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Tootsie

Year: 1982
Studio: Columbia
Director: Sydney Pollack
Producer: Sydney Pollack
Writer: Elaine May/Larry Gelbart/Murray Schisgal
Cast: Dustin Hoffman, Jessica Lange, Terri Garr, Dabney Coleman, Sydney Pollack, Bill Murray, Charles Durning, Geena Davis
When you watch this - one of the most defining films of the 1980s - you realise just how much it looks like a product of the decade. For that reason you might find it easy to dismiss, but try to look pas Hoffman's huge hair or Sandy's (Garr) shoulderpads.

If you're not familiar with the story of the hard-up New York actor who takes a role as a woman on a cheesy soap, you're too young. Go to the video shop now.

It's one of those films that burst free of itself. Even if you haven't seen it, you know exactly what the image of Dustin Hoffman in drag saluting in front of an American flag means.

And while you watch it, keep in mind that director Sydney Pollack's approach was dramatic, not comical. Not because he didn't want it to be funny, but because he didn't know how else to play it - the comedy was in the final result, not the execution. And not because Tootsie isn't funny, because it is ('Make her look prettier,' the director's assistant says, 'how far can you pull back?' 'How do you feel about Cleveland?' the cameraman deadpans).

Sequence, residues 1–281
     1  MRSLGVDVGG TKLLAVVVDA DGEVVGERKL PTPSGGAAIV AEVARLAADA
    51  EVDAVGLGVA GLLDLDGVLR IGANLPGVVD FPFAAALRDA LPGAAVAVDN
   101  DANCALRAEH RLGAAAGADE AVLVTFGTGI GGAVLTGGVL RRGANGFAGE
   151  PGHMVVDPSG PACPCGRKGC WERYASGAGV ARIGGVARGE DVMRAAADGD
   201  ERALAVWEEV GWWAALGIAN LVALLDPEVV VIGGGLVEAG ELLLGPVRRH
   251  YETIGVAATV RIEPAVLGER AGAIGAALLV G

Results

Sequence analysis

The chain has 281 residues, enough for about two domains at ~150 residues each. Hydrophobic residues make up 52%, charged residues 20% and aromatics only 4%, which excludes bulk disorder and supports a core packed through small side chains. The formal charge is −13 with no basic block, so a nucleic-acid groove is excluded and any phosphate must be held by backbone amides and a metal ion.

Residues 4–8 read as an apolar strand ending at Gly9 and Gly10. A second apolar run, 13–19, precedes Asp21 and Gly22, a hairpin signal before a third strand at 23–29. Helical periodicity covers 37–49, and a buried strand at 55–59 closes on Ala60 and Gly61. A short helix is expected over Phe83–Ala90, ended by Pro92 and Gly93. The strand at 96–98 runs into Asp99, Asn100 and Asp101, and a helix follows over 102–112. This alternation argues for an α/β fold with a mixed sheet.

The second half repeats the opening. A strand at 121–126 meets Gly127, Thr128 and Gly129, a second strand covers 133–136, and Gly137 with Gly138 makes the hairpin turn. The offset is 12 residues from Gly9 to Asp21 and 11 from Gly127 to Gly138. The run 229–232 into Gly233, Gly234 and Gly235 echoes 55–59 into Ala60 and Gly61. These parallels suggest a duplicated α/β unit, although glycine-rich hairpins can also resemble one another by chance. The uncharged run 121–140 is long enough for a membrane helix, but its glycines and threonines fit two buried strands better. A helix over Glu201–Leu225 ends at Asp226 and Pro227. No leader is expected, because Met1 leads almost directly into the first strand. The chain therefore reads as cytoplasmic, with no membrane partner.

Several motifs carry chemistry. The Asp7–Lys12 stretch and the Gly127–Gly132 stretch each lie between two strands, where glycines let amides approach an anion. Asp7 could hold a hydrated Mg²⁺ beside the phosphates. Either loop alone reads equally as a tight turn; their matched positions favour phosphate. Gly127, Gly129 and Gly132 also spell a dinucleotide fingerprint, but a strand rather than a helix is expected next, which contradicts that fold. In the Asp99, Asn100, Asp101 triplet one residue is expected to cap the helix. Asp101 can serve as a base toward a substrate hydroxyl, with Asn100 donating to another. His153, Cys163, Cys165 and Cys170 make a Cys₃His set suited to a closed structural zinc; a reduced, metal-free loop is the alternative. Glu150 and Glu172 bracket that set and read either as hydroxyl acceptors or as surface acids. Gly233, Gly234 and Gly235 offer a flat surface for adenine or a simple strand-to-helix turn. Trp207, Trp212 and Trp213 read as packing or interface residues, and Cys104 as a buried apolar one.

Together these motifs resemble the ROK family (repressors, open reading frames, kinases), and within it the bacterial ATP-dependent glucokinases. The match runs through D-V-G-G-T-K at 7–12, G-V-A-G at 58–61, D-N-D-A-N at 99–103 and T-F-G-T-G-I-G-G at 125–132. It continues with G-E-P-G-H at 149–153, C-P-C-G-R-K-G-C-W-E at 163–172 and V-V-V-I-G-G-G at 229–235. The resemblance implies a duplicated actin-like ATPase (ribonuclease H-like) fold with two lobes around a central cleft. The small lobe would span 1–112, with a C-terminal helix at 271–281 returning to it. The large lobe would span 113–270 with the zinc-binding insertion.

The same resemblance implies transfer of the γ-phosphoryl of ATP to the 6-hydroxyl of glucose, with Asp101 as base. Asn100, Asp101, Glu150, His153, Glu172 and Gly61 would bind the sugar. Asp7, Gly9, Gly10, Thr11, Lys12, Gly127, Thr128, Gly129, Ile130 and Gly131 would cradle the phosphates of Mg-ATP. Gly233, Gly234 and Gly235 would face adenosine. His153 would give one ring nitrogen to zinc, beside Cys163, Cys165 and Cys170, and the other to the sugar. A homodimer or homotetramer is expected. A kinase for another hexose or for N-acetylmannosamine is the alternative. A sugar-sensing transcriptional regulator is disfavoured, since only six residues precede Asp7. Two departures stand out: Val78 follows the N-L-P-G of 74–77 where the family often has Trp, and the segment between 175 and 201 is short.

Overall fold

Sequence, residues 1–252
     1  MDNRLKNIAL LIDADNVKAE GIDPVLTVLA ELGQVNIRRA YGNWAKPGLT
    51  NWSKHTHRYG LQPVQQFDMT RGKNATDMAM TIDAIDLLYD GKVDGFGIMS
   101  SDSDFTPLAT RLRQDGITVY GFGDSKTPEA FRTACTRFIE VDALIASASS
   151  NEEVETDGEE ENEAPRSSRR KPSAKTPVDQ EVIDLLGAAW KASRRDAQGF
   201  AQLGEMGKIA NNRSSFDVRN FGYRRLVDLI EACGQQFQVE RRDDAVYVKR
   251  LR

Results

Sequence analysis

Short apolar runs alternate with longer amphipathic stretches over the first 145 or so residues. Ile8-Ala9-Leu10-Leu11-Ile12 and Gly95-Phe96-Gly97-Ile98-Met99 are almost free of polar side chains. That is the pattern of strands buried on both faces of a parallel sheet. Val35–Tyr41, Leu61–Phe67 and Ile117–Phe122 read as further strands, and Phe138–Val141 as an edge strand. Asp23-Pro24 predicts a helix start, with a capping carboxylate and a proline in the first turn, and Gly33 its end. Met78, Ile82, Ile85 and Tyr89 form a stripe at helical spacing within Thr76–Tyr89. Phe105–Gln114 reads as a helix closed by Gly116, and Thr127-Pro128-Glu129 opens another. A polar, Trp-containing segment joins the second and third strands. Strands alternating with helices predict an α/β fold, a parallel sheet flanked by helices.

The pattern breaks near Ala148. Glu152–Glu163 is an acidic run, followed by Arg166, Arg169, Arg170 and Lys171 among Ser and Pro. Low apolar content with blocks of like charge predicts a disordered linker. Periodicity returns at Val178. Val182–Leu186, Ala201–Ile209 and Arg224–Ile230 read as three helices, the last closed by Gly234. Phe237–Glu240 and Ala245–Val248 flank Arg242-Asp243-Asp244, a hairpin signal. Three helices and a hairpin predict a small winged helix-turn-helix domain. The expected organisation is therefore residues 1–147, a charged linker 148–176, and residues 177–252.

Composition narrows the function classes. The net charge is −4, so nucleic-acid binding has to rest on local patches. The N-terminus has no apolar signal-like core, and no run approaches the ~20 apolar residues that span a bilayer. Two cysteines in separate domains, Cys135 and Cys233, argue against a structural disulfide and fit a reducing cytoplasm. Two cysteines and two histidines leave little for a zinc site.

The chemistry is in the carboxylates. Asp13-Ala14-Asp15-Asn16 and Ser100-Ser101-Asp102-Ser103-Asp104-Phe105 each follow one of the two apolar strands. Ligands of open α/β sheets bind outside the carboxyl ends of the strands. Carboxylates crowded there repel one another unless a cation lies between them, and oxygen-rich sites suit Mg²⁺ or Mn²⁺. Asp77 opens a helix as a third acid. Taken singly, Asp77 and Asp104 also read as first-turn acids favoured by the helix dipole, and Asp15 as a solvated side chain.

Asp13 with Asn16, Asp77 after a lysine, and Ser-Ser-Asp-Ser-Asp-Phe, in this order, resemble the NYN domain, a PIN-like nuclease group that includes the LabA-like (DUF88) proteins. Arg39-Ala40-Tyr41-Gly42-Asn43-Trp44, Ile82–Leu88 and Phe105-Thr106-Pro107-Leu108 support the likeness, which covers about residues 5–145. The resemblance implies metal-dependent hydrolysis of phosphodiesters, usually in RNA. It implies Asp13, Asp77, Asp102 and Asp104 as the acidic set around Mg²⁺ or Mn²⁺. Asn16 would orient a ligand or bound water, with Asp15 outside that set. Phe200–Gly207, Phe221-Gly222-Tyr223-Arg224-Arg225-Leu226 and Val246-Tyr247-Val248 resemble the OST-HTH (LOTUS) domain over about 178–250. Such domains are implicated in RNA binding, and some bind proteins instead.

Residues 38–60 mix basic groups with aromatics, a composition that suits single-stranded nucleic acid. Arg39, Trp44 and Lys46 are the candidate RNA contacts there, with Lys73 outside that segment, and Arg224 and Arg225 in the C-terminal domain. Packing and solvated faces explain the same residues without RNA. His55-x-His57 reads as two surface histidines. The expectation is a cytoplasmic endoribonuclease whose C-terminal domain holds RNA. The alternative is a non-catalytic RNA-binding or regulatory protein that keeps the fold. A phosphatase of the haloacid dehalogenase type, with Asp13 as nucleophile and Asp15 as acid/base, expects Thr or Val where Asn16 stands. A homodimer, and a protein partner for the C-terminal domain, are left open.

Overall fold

No, it's because if you look closely, it's an insightful comment on gender relations as relevant 25 years later as it was in 1982 when the film was made. There's something much deeper here than Hollywood's usual fascination with guys in dresses.

Over the course of three years star Dustin Hoffman, two writers and Pollack crafted a subtle but worthy comment on the way men treat women, and what men have to learn from them. Hoffman's line near the end ('I was a better man with you as a woman than I ever was with a woman as a man') is the mission statement of the movie.

And Hoffman lived it. Finding the character of Michael's female alter ego Dorothy, he approached Midnight Cowboy co-star Jon Voight in a Hollywood diner pretending to be an autograph-seeking fan, and Voight was fooled.

It was all approached with similar seriousness. As a drama director who had to be coaxed into taking the helm, Pollack steers it well clear of farce.

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